A National School contained two class-rooms, one for the junior and one for the senior class. During the luncheon hour the junior class were sent out-of-doors to the playground, and the defendant, who was the teacher of the senior class, used to allow the junior class to come into his class-room and warm themselves at the fire. He was under no obligation to allow the junior class into his room; he merely did it out of kindness to the children, and so that they would not have to remain outside in the severe weather. On one occasion he temporarily removed the fire screen which usually guarded the fire in his room, and, the junior class coming into his room as usual, and going to the fire, the clothes of one of them, a child of six years of age, caught fire, and she was severely burned. Suing by her father, as her next friend, she brought an action in the Circuit Court against the defendant, and was awarded £40 damages. The defendant appealed, but the High Court dismissed the appeal, and, of their own initiative and without any application having been made to them, increased the amount of damages awarded to £150, notwithstanding that no notice had been given by the plaintiff pursuant to Or. XXIV, r. 6, of the Rules of the High Court and Supreme Court, 1926, to vary the order of the Circuit Court. The defendant appealed to the Supreme Court.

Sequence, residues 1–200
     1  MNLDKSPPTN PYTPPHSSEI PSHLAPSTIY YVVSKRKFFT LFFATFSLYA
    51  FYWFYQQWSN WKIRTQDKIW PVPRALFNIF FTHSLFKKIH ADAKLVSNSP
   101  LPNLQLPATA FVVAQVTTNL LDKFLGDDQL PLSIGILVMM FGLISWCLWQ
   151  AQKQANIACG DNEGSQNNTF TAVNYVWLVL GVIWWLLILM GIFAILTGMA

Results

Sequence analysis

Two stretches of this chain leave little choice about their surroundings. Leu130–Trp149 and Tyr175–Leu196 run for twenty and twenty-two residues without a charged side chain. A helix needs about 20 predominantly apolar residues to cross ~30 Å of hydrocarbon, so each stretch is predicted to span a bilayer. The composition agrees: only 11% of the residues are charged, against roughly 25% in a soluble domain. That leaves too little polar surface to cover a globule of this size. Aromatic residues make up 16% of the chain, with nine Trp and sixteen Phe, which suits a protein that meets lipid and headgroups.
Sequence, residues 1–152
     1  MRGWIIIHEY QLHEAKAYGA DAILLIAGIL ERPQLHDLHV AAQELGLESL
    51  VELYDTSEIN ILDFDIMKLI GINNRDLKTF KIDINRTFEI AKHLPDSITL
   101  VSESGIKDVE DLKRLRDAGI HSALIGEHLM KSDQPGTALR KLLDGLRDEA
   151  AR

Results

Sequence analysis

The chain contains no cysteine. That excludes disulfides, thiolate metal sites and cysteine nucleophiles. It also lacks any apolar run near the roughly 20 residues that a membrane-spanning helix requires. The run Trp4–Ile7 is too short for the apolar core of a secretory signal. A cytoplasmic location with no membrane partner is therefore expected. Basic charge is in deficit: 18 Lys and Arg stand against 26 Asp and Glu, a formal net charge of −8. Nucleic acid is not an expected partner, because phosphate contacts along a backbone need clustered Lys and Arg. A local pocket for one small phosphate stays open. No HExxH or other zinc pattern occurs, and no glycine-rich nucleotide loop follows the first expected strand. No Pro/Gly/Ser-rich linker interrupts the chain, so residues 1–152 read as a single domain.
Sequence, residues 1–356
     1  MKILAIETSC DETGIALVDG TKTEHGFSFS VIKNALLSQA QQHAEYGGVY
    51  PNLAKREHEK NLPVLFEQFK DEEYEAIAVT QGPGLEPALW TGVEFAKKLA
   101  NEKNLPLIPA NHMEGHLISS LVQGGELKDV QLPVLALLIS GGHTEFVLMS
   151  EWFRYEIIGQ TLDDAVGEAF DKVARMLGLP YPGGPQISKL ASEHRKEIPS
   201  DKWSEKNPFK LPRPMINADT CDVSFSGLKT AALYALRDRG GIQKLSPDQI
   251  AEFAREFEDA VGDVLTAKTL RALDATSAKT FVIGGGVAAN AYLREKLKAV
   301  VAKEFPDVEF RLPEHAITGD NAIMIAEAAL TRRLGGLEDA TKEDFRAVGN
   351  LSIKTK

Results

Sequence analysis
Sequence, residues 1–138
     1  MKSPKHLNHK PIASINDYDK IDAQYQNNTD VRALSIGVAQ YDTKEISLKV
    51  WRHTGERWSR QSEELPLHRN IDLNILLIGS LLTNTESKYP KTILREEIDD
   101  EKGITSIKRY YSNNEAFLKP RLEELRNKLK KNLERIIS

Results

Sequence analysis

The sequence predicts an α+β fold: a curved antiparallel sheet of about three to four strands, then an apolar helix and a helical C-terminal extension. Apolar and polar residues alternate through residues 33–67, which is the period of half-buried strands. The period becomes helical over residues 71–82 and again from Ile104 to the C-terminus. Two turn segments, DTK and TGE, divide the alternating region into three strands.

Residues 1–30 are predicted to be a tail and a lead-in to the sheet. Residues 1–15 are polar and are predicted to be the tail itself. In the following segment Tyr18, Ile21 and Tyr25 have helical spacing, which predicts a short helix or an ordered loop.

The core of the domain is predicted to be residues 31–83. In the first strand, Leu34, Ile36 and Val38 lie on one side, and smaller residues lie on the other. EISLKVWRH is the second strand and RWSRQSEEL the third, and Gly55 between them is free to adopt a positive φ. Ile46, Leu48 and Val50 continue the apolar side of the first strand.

Held by the Supreme Court, that the defendant was liable:

Per Kennedy C.J. and FitzGibbon J., because the plaintiff was a licensee, and the removal of the fire screen by the defendant created a "trap" for such a young child as the plaintiff;

Per Murnaghan J., because the principle of liability established byCooke v. Midland Railway Co. of Ireland, [1909] A.C. 229, applied.

Held also that a defence based upon the Public Authorities Protection Act was unsustainable, as that Act had no application.

Held further that the High Court, in the circumstances, had no jurisdiction to increase the damages awarded by the Circuit Court Judge, and his decree must be restored.

Kennedy C.J. :—